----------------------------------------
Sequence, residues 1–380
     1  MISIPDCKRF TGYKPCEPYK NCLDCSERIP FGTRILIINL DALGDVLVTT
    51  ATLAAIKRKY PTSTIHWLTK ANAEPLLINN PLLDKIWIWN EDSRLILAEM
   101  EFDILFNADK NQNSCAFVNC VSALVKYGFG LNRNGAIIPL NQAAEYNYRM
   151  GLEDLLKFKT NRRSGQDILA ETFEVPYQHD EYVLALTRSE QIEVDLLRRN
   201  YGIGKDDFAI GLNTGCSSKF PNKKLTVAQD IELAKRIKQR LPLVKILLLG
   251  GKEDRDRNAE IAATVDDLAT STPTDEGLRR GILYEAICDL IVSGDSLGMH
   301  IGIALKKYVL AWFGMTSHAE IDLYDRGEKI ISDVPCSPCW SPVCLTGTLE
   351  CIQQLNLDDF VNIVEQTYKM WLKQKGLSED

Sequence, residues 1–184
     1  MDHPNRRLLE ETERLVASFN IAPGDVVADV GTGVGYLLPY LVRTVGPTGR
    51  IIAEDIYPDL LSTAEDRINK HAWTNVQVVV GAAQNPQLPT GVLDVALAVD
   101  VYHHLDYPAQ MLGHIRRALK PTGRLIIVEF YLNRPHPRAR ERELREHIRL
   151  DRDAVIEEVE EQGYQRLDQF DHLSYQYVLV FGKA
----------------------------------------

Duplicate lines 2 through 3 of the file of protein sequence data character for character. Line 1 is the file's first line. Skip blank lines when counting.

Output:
     1  MISIPDCKRF TGYKPCEPYK NCLDCSERIP FGTRILIINL DALGDVLVTT
    51  ATLAAIKRKY PTSTIHWLTK ANAEPLLINN PLLDKIWIWN EDSRLILAEM